(03/11/15) Wendy Nichols, UNISON President (and Branch Secretary of North Yorkshire Branch of UNISON), spoke at the The Canadian Union of Public Employees conference in Vancover this week. CUPE is Canada’s largest union, with over 633,000 members across the country. CUPE represents workers in health care, emergency services, education, early learning and child care, municipalities, social services, libraries, utilities, transportation, airlines and more.

 

Drop the Trade Union Bill: Rally shows strength of feeling (02/11/15)

Workers travel from across the UK to tell their MPs their concerns over trade union bill.

“This hard-line trade union bill attacks every worker in this country, union member or not. It’s a bill that is stuck in the past, outdated and not fit for purpose,” said UNISON general secretary Dave Prentis, speaking at a rally against the bill today in London.

But, he said, UNISON will continue to fight it.

“We’ll fight for the underdog, the poor, those who can’t stand up for themselves,” against a bill he described as “cruel, wrong, immoral.”

He followed speakers from across the union and civil liberties movement, including TUC general secretary Francis O’Grady who condemned the “shambles of a bill” and Shami Chakrabarti of human rights group Liberty, who reminded the rally: “Dissent is not disloyalty, and the oldest trick in the book is divide and rule.

“The government is dividing the public and trade unionists.” But, she asked, “Who are trade unionists if not the public?”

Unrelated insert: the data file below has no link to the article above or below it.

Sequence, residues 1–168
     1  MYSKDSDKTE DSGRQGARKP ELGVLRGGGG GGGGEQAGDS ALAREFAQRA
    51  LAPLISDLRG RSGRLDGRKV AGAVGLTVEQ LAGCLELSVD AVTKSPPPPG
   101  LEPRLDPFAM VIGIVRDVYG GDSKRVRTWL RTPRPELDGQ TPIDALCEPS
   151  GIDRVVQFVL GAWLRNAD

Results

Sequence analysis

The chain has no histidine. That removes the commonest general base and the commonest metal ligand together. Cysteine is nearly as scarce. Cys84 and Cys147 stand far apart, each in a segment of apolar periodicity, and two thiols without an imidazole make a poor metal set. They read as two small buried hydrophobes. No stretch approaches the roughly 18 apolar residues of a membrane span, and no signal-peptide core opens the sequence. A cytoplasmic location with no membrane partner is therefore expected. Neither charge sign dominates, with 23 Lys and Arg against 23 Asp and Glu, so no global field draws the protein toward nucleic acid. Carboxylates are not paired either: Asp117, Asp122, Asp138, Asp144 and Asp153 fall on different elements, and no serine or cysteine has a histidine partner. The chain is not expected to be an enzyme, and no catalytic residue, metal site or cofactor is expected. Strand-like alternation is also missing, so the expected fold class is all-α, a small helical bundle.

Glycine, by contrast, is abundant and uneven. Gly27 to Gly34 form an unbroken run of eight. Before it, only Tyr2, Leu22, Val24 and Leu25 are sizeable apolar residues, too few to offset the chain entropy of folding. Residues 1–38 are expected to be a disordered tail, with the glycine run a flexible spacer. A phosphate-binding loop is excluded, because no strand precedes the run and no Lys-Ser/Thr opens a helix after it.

TUC president and UNISON assistant general secretary Liz Snape vowed to persuade MPs across the political spectrum that “the trade union bill is wrong. It’s unfair and an attack on our civil liberties.

“Whatever barriers they put in our way, they’ll never stop our movement fighting for a fairer Britain.”

The trade union bill is currently being rushed through Parliament and UNISON believes it is unnecessary, unfair and undemocratic:

  • attacking the rights of workers to take strike action;
  • putting a stop to facility time – the time union reps use to represent their members;
  • allowing nexperienced agency workers to be brought in to cover workers on strike.

Thousands of trade union members had travelled to London to attend the rally, speak up in favour of their rights at work and to speak to their MPs about the bill.

Walking the length of the lobby queue and stopping to talk to UNISON branch representatives, Mr Prentis said: “It is fantastic to see our members standing up for their trade union rights.

“Everyone here today recognises that this government is trying to stifle the voices of working people and we cannot let that happen.

“The turnout from UNISON today shows we are determined to continue to speak up for our members and the public services they provide.”

UNISON member Rory Shannon had travelled from Birmingham where he works as a catering manager at the university.

He is also being an ex-Labour councillor and West Midlands co-convenor for the regional UNISON LGBT group.

He reported having made several attempts to arrange a meeting with his local MP Sajid Javid, the minister in charge of the bill, without receiving a response.

If Mr Javid had agreed to meet him his message would have been: “Why? Why are you pushing this through? No ones asked for it, even your own MPs have their doubts.

“We’ve only been on strike twice in the last 35 years,” said Mr Shannon, “and one of those times we won the living wage.

“It’s a tough decision to make, especially if you’re below the living wage, losing a day’s pay could mean losing a meal for your family.”

Heidi Garside, a prosecution team officer, had travelled from Huddersfield with her colleagues Sue Kelsey, Amanda Rushton and Tracey Scothern.

“They’re trying to take us back to Victorian times,” said Ms Garside. “Annual leave, sick pay, maternity leave: these were fought for by trade unions.

“We aren’t the evil organisation the governments making us out to be. We’re the organisation that fights for working people.”